by Ken Sehested
“Oh Lord, I’ve made you a place in my heart,
and I hope now you leave it alone.”
—Greg Brown, sung by Dar Williams, Richard Shindell & Lucy Kaplansky
It’s not what you think. (The arrest.) Nothing salacious or seedy here. My friend BJ was handcuffed for committing an act of civil disobedience to call attention to our worsening climate crisis.
Betty Jane Crandall is an unlikely lawbreaker. An 80-year-old retired elementary school teacher, mild mannered, host of one of our congregation’s two ongoing weeknight Bible study groups focused on the Sermon on the Mount, widow of a Presbyterian minister, and Sunday school teacher for our preschoolers—not to mention a source of constant encouragement to me personally.
After a video of the march in downtown Asheville, NC was posted online, one of BJ’s nieces called to celebrate her “badass aunt.”
The march gathered in front of the National Center for Environmental Information (NCEI), which archives and monitors global climate data for the federal government, was organized by the local chapter of Extinction Rebellion, an international movement now active in 56 countries. Local organizers specifically chose Valentine’s Day “to express love and support for NCEI scientists who . . . tell the truth about climate change.”
Right: Betty Jane Crandall, arrested 14 February 2020 during a march calling attention to the climate crisis, Asheville, NC. Photo by Marc Mullinax.
In all, nine of our members took part in the protest (from the Latin, “publicly witness”), including three of the 16 arrested. The Valentine’s Day theme of love and support for climate scientists is amazingly appropriate. In the first two years of our current administration, more than 1,600 scientists have left their federal posts. Twenty percent of high-level appointee positions are vacant. Some 700 scientists have left the Environmental Protection Agency.
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Though rooted in stories of undue suffering by an early Christian saint, Valentine’s Day is now reserved for arousing romance, expressed in mawkish sentiment, and marketed in all manner of sugar and cocoa products. Chubby cherubs, shooting arrows of love at the heart, are featured on flirty cards professing affection. Fine dining reservations are hard to get that evening.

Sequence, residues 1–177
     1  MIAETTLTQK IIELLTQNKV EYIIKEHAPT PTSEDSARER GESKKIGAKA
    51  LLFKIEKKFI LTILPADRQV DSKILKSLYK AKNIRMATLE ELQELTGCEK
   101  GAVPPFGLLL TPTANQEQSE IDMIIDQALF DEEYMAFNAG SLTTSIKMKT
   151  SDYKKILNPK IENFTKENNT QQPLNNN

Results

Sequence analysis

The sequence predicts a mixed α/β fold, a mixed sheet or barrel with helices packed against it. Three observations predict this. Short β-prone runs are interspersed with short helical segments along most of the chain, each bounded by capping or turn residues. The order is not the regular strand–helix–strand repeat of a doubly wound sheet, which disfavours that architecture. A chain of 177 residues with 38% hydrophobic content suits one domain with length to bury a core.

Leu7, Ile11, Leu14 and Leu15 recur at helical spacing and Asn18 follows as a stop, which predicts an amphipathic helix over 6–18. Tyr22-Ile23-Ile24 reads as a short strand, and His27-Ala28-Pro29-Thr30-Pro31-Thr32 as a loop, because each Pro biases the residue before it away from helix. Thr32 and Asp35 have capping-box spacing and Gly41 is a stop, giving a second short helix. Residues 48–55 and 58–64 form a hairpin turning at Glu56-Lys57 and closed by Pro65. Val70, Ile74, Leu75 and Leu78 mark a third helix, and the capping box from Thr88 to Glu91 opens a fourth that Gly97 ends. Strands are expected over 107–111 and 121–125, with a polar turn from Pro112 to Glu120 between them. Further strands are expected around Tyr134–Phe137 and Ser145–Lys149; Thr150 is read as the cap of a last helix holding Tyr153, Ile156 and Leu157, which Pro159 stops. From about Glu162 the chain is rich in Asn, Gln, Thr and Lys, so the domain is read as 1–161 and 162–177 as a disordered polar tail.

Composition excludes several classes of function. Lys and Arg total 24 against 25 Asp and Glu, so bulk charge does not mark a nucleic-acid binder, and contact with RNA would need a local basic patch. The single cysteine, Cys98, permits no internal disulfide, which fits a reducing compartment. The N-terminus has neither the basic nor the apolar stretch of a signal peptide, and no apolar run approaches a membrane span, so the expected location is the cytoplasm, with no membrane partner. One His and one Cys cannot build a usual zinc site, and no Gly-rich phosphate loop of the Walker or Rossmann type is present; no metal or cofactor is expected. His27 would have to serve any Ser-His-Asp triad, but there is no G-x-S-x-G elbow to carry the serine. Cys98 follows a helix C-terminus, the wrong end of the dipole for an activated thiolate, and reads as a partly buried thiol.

Tons of candy go on sale the next day. This season’s romance is flighty. It’s more fling than vow. The calories are empty.
The confusion of “heart” and “romance” in modern usage is a sign of our spiritual affliction and relational crisis. For us, the heart represents moodiness, volatile attention, impulsive emotion—parallel to the biological effect of sugar highs followed by lethargy and indifference.
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In the pietist-revivalist tradition of my rearing, “giving your heart to Jesus” was often associated with intense emotion. The fickle results require equal emphasis on “rededicating your life to the Lord” as part of the hymn of invitation appeal.
In Scripture, though, the heart is the steady organ of the human body, and decisions made there are life-determining. The heart is the location of sturdy conviction and strenuous choice. Decisions made in the heart shape all other arrangements and warrant endurance in the face of conflict.
In Hebrew thinking, the heart represented the deepest level of a human personality, representing the true picture of the person. The Latin word credo, from which we get the word "creed," comes from two words which together mean "I give my heart to."
The Psalmist sings: "It is well with those who deal generously and lend, who conduct their affairs with justice . . . Their hearts are steady, they will not be afraid" (112:5-9).
In Matthew, Jesus makes this striking claim: "Where your treasure is, there will your heart be also" (6:21).
The Acts of the Apostles reports: "Now the company of those who believed were of one heart and soul, and no one said that any of the things which they possessed were their own, but they had everything in common" (4:32).
And do you recall Zacchaeus’ “confession of faith in Jesus Christ as his personal lord and savior”? “Here and now I give half of my possessions to the poor, and if I have cheated anybody out of anything, I will pay back four times the amount.” To which Jesus responded, "Today, salvation has come to this house" (Luke 19:8-9).
The heart is not the seat of fantasy. It is where questions of trust and allegiance and power are negotiated and sealed. The heart is where bet-your-assets decisions are settled—in particular, the kind that will get you in trouble with the world.
No doubt there are innumerable ways, among a myriad of circumstances, to do justice, to love mercy, and to walk humbly in the Way of Jesus. Holy obedience comes in many forms. One of them might include civil disobedience. And handcuffs.
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